The New Health Age
Paging Dr. Future
By Steven Martinovich
While health care hasn't been the primary issue of the 2012 election season so far, one should certainly expect that whoever emerges out of the GOP horserace will likely make it one when they face Barack Obama. Given the nature of elections, however, it's hard to believe that either Obama or the Republican candidate offers any serious plans on how to move the American health care system out of its 18th century roots and into a more efficient future. Regardless of your stance on how health care should be funded, few probably believe the system works as well as it could.
Into the debate wade futurist David Houle and health care attorney Jonathan Fleece with The New Health Age: The Future of Health Care in America, a demand and plan for the modernization of the American health care system. Theirs is an ambitious agenda which would uproot the current system and replace it with a modern version that demands accountability from all, delivers services efficiently, pushes prevention instead of cure and is universal, among other requirements. It is what one could call a tall order but Houle and Fleece argue it's doable if we decide it is.
The New Health Age asks its readers to commit to a huge paradigm shift. Houle and Fleece believe that much of America's problems with its health care system can be traced to how Americans think about it. We are conditioned to think in terms of sickness, treatment, and reactive behavior instead of wellness, prevention, proactive behavior, creating incentives in the system to maintain the status quo. They argue that shifting thinking by patients, doctors, insurance companies, government and other stakeholders on a number of issues would bring to the fore new health care structures that already exist – mostly in private health care – that would force the system to alter its approach.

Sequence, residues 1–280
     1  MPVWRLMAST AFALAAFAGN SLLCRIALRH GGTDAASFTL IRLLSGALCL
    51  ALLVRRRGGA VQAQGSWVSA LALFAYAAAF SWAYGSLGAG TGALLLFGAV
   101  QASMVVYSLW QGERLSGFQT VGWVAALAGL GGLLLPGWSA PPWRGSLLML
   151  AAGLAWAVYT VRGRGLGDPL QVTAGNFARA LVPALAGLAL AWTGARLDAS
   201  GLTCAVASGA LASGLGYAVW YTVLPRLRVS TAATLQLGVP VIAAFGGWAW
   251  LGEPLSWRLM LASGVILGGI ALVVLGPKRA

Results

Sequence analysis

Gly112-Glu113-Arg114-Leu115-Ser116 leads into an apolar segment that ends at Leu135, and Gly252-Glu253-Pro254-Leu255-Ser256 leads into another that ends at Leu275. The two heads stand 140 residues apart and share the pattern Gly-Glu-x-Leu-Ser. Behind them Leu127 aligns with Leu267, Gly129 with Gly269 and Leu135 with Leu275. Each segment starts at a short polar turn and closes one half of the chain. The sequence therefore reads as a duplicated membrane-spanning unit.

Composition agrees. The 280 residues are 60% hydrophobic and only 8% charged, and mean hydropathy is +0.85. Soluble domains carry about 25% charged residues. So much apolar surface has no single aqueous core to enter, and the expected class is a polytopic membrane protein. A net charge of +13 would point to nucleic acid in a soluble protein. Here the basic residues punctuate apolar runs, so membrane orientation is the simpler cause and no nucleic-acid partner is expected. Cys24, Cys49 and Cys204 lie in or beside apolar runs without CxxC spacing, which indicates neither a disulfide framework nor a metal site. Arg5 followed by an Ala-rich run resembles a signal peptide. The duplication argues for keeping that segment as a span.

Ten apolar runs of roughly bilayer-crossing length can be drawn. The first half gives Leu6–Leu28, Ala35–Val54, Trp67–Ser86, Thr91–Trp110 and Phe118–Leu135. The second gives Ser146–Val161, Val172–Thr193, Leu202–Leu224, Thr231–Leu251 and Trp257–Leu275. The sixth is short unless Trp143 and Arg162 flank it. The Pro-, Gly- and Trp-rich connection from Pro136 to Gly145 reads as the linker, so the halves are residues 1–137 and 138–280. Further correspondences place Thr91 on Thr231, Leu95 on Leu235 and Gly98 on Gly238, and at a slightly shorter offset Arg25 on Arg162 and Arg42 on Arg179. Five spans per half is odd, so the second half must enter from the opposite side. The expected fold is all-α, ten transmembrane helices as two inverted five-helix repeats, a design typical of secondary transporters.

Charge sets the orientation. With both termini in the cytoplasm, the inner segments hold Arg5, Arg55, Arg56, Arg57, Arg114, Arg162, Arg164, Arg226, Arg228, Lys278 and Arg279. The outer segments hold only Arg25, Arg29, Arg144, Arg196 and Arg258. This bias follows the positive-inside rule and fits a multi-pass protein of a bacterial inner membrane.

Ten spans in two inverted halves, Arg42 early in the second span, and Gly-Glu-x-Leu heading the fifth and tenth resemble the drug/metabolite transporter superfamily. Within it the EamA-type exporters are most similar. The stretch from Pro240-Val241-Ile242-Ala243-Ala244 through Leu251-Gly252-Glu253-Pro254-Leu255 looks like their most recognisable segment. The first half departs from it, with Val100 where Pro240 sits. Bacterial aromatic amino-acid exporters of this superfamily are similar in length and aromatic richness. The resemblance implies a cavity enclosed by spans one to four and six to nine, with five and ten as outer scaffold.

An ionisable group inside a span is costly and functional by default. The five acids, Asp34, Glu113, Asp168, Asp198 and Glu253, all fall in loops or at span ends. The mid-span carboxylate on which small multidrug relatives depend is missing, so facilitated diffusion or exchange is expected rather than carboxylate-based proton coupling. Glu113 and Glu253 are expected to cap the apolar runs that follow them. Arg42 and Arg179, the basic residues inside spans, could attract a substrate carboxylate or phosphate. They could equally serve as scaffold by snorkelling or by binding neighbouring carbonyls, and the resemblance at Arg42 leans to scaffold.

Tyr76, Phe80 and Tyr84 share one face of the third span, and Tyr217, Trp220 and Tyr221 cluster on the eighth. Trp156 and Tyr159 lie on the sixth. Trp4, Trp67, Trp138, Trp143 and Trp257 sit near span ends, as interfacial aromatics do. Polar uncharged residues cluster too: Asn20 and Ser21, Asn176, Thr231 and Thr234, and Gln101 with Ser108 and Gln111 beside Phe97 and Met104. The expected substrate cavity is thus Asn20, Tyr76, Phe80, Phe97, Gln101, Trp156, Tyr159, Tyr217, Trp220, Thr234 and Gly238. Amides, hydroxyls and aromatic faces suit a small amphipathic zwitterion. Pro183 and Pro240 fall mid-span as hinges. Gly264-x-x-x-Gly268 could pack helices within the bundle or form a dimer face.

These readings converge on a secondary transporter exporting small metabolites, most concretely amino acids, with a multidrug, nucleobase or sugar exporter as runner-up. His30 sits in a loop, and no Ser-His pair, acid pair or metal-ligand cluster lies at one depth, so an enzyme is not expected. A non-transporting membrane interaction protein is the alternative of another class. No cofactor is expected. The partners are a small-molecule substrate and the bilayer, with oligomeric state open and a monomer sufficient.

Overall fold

Of course, thinking isn't enough to revolutionize a system whose basic structure has been unchanged for centuries. Houle and Fleece believe that the information technology that has transformed the rest of the economy is badly needed in health care – unless your doctor isn't still scrawling notes into a file folder. They also push for a wide array of societal changes that can't adequately be enumerated in a review but they encompass everything from healthier eating habits, community gardens, lifestyle medicine, more recreational facilities and incentives for medical innovation, among many others.
One can hardly disagree with Houle and Fleece's call for modernization. A little thing like being able to electronically book an appointment to have my oil changed but being forced to repeatedly call and after several attempts am finally told when my appointment will be says much. Where many will have problems, however, are Houle and Fleece's inherent acceptance of big government – whether or not they maintain they aren't trying to convince the reader that Obamacare is good or bad. They're determined to have a healthier American population and if that means more federal government programs, taxes on less healthy food and "incentives" for health care delivery to change, so be it.
It's a weakness of The New Health Age but it doesn't mean that it's crippling. There is still much to recommend about the effort, including the calls for increased modernization, efficiency, accountability and forward thinking. It's clear that the debate over who pays for health care is overshadowing other just as important and linked issues. Unfortunately the space where such issues are generally examined will be ignored in favour of media-driven debates that make for far sexier television watching.
Steven Martinovich is the founder and editor in chief of Enter Stage Right.
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